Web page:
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Braid vs Mono – Which is Better?

braid vs mono

​Braid vs mono which line is better and when should you choose one over the other ?

For some anglers monofilament is the only fishing line that has ever existed, they will never spool anything else onto their reels.

But, eventually mono just won't cut it.

​Braid however also has it's die hard fans that use it for almost everything.

​Braid compared to monofilament fishing line is roughly half the diameter of the equivalent breaking strain of mono.

This means you can load a spool with roughly twice the amount of braid as you can monofilament.

Where braid really starts to shine is when you are fishing in heavy weed cover and need a line that has low stretch properties.

​It is the best choice when fishing frog lures in and around heavy weed beds or lilies.

When spinning with light tackle mono is usually the better option however the best braided fishing line for spinning reels can outperform mono if you are on a size 4000 reel or bigger.

Braid is usually preferable of larger baitcaster reels from a size 300 and up.

​Braid vs Mono Comparison

​Braid vs Monofilament - braid is low stretch, has a thin diameter and slices through weeds, mono on the other hand is almost see through, has a natural stretch and is easy to cast especially at lower line weights.  

Each of them have their place and if you fall into the trap of preferring mono or braided fishing line all of the time then you really need to take a step back and have a look at when each one is the best choice.

​With spinning reels I always try and buy a spare spool, one for mono and one for braided line.

On a baitcaster however, I generally have one reel dedicated to a heavier braid and one to a lighter mono.

When comparing mono and braid you need to look at what properties each one excels with and also know where each one falls down.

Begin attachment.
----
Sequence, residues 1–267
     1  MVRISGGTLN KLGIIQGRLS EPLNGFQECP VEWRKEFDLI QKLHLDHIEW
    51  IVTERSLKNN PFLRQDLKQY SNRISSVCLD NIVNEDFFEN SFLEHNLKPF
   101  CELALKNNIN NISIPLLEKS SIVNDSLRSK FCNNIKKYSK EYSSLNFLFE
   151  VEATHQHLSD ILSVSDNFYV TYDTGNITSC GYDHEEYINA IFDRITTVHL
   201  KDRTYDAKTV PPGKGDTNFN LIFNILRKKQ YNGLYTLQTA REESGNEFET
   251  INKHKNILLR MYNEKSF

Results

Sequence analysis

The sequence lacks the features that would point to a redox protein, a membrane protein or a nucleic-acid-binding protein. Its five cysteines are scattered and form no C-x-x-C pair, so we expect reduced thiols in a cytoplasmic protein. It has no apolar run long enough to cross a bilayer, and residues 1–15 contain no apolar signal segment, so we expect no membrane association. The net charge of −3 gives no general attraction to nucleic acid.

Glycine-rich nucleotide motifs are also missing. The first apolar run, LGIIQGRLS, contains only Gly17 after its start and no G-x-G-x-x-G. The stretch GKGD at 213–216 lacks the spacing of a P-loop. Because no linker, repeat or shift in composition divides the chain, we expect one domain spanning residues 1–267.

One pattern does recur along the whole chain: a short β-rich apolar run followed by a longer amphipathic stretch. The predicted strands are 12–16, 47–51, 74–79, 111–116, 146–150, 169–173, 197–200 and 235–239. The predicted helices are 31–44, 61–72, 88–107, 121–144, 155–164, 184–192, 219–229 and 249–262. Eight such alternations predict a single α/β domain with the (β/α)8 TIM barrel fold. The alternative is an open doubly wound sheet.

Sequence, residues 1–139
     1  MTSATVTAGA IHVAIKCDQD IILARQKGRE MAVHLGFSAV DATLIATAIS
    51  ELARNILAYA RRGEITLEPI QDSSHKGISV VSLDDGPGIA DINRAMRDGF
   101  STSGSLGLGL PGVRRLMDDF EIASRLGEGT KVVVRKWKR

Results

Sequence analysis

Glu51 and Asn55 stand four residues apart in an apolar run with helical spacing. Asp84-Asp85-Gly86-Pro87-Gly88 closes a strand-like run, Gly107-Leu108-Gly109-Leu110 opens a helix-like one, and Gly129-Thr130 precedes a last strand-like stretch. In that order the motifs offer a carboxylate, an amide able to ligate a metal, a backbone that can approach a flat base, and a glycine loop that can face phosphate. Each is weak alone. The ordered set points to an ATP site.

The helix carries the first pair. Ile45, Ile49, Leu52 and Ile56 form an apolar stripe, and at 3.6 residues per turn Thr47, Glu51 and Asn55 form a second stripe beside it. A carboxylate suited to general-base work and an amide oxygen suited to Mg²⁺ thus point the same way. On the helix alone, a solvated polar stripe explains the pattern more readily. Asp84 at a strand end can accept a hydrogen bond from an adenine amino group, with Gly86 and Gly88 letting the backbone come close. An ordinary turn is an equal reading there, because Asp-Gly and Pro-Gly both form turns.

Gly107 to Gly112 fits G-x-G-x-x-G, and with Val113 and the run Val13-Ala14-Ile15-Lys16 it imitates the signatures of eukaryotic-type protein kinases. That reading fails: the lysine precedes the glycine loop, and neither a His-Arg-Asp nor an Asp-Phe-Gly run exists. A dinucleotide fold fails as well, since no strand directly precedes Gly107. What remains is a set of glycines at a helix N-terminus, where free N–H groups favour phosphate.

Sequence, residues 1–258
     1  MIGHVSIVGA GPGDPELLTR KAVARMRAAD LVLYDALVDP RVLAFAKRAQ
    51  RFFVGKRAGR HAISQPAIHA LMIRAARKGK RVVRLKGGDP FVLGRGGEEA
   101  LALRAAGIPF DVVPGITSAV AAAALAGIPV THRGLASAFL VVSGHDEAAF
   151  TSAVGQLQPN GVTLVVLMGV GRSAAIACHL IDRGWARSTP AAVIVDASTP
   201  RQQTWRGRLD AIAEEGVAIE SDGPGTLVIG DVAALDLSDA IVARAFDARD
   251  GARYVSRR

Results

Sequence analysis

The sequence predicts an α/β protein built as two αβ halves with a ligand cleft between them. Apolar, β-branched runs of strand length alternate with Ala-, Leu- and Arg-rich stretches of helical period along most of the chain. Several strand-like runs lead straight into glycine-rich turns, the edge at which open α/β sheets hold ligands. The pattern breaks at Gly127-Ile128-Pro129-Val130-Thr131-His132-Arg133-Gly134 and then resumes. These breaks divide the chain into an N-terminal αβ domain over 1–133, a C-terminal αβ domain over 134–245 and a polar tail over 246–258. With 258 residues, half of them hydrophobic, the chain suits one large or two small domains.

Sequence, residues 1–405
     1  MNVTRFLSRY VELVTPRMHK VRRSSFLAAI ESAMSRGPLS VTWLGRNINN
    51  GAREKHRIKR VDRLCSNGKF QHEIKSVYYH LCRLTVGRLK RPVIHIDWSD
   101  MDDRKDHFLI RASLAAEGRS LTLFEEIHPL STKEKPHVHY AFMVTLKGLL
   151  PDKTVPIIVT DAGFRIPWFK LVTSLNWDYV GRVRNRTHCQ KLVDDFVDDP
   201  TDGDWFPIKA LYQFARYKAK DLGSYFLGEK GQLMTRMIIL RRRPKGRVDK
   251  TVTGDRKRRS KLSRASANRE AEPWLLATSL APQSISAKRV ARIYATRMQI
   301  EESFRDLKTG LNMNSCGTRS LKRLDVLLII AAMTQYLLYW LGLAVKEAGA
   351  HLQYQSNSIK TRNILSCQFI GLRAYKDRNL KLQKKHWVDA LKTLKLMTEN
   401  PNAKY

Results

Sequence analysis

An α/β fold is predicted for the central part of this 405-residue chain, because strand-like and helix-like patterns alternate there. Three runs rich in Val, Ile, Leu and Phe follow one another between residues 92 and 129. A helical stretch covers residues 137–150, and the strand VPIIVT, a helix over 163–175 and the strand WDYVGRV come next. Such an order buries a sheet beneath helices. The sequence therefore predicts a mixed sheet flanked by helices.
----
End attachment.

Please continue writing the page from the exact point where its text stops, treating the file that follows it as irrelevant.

Monofilament

Mono is the all time tried and tested fishing line for anglers the world over.

It is easy to tie a knot with is abrasion resistant and has an in built stretch that can act as a great shock absorber when you need it. 

It also floats and is almost completely invisible, which makes it great for casting small spinners in clear water conditions.

If you are trolling with large lures for lake trout or any other large species of fish then you need a bit of stretch in your line. 

If you are to use braid in this scenario it's lack of stretch could very well rip the hook straight out of the mouth of a fish.

With the inbuilt stretch of mono their is less of a chance of doing this.

Mono is also quite tough and it can handle a lot more abuse than braided fishing line.

Fluorocarbon shares a lot of the same attributes as mono except it has a lower stretch so when comparing monofilament vs fluorocarbon fishing line keep this in mind especially if you are using it as a leader for braid.

​Braid

​The biggest selling points of braid are that it is extremely low stretch, has a very thin diameter when compared to the equivalent breaking strain of mono and slices through weeds with ease.

​Braid is the go to line choice of a lot of bass fishermen that are using single hook lures in and around heavy weed beds.

They will generally use a fluorocarbon leader though as the biggest disadvantage of braid is that it is so visible.

The only time I would recommend braid straight to your lure is if you are using a frog lure over heavy cover.

Most frog rods will have a heavy power rating and will need a braid of at least 50 lbs which is required to drag big bass out of cover.

Braid also makes a really great line for jigging with because it has little or no stretch.

​When jigging you want a fishing line that can transmit as much feedback through the line and into the rod tip allowing you to feel what is happening at the hook.

Although braid is excellent at slicing through weeds it can get suffer when run along sharp or abrasive underwater structures and you may start to notice some loose fibers sticking out of the side of the line.

​If you start to see some wear and tear on your braid then it is time to cut that length off.

If you are routinely seeing a lot of wear in the final ten feet close to your lure then it is probably a good idea to use either a mono or a fluorocarbon leader as these two types of fishing line have much better abrasion resistance properties.